Kwanzaa, a festival of lights rich in African symbolism, takes place each year from December 26th through January 1st. This joyous holiday draws inspiration from time-honored African customs and symbols, many related to harvest celebrations and community ideals of shared work, purpose, creativity, possibility, faith and celebration of togetherness.
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Kwanzaa is a celebration of unity among Black people in the United States along with people of African heritage the world over. Over 12.5 million celebrate Kwanzaa in the United States alone.
Kwanzaa celebrates Black family and community, culture and traditions, history and heritage, and unbreakable hope for the future. It’s an opportunity for Black families to honor ancestors and elders and cherish children even more. They commemorate the Black past and celebrate hopes for the Black future. They acknowledge their struggles but pay tribute to their persistence, resilience and transcendence over and through tough times.
Dr. Ron Maulana Karenga created Kwanzaa in 1966 as a way to help Black families and communities heal from the painful racial unrest, emotional distress and violence they’d experienced during the Civil Rights movement. Mindfulness, reflection and healing for Black people are built into the rituals and celebration of the holiday.
Black communities have embraced Kwanzaa as a way of connecting both to their ancestral African origins and to other diverse Black people and cultures in the African diaspora around the world.
One beauty of Kwanzaa is in how it brings generations together in a joyous, celebratory and self-affirming holiday honoring Black family and communal histories, experiences and culture with dignity.
As a way to counter the injustice of the past, the celebration of Kwanzaa gives Black people an opportunity to positively see, value and celebrate themselves in a society that has often struggled to do the same.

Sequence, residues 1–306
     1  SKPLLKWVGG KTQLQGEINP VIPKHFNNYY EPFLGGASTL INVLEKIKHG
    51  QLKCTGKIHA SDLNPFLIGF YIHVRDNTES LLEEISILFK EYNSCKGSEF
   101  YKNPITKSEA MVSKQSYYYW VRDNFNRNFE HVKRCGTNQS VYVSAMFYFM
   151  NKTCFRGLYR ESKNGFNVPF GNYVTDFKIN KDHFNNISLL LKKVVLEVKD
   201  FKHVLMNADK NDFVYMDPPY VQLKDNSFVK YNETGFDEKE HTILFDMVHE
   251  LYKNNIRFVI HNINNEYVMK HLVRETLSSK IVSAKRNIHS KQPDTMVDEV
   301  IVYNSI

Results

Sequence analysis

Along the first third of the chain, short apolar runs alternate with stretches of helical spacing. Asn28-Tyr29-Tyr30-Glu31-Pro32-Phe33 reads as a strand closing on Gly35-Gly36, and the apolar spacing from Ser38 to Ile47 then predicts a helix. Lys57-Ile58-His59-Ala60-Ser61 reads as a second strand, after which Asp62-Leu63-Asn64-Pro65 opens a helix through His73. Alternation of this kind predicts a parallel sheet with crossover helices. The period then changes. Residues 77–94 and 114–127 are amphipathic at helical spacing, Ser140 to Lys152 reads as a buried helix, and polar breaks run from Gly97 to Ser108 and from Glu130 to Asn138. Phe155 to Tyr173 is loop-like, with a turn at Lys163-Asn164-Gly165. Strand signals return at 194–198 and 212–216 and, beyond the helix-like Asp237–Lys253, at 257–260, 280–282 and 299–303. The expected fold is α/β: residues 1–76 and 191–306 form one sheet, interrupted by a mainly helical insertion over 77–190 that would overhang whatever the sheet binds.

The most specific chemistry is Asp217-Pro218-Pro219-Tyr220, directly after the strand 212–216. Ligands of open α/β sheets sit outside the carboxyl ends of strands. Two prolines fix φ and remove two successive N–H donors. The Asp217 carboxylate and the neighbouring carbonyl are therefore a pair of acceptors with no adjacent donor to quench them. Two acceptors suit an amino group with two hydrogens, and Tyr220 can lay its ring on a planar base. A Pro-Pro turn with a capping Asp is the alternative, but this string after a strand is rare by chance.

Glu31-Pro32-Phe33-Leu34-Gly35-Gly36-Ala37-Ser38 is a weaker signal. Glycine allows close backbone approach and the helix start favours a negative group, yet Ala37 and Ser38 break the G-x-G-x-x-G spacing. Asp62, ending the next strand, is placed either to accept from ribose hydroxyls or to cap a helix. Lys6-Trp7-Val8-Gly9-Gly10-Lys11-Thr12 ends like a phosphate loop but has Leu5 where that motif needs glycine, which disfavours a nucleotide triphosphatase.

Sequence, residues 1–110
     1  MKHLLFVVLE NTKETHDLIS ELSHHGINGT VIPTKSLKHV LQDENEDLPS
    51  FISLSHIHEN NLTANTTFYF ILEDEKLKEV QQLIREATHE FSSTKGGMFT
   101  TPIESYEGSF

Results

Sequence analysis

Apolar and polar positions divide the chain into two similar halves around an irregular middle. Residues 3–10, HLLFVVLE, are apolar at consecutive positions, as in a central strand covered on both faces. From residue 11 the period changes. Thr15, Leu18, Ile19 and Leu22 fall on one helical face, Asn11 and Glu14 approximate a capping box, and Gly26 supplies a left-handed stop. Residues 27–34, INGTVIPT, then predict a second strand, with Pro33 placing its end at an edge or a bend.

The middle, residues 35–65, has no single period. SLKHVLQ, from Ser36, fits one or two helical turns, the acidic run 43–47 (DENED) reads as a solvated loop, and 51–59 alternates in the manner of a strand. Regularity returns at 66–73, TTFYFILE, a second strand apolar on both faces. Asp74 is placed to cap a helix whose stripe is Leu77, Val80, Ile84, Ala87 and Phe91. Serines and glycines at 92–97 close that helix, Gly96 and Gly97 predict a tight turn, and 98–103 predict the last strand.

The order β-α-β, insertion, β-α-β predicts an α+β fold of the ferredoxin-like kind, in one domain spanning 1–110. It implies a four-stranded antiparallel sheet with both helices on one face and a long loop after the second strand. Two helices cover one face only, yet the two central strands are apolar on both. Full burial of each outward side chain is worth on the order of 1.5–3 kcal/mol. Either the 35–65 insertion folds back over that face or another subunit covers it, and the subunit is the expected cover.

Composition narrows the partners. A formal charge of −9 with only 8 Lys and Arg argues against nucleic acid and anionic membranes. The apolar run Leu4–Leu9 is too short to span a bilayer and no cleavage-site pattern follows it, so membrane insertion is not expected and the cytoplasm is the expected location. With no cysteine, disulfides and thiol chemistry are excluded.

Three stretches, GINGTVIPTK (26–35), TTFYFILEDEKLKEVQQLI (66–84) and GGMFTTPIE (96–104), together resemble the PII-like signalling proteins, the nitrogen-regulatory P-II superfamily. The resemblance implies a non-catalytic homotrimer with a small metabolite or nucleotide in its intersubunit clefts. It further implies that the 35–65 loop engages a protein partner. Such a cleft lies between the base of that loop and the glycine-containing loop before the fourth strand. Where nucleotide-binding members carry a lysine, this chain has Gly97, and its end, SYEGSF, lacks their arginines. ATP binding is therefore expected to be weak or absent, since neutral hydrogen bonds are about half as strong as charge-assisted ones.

Celebrated across the United States and around the world, this empowering holiday experience echoes each year in Black homes, communities, churches, historically black colleges and other public spaces.
While Dr. Karenga did want to create a unique holiday specifically for Black people, Kwanzaa is not a replacement for Christmas. Christmas is a religious holiday, while Kwanzaa is a cultural one.
Many Black people are Christians who celebrate the birth of Jesus Christ at Christmas time, and they also celebrate Kwanzaa. Many others who are Muslim or of other religious faiths do not celebrate Christmas, but they do observe Kwanzaa.
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During Kwanzaa, families, kinship groups and communities organize around the Seven Principles or Nguzo Saba:
- Umoja stands for unity in Black families and communities and among Black people all around the world.
- Kujichagulia means self-determination and the ability of Black people to build their own future by defining, naming and speaking for themselves.
- Ujima is the Swahili word for collective work and responsibility, encouraging Black people to work together and be accountable to one another.
- Ujamaa stands for cooperative economics in Black communities, combining energy and focus to build businesses and economic stability and to support each other’s economic goals.
- Nia means purpose, inspiring Black people to build personal and communal dreams and goals to work towards together.
- Kuumba is creativity, creating things of beauty that strengthen and empower Black people and Black communities.
- Imani means faith in Black people, families and heritage keeping faith that the struggle for justice will be won.
Observers are encouraged to enter Kwanzaa with a deep sense of respect and commitment to the principles, values and practices of this meaningful holiday.
Part of preparing for Kwanzaa involves filling homes and gathering spaces with symbols and symbolism of Black pride.
Many Black families decorate with the colors of the Bendera, the Black liberation flag: red, black and green. Red symbolizes the struggle of Black people, black represents pride in Black skin and green stands for promise and hope for the future.
Kwanzaa celebrants may also choose to wear traditional African kente or mud cloth as well as clothing from Black-owned businesses. Everything, from clothing to artwork, is an opportunity to proudly display the rich legacy of Black culture.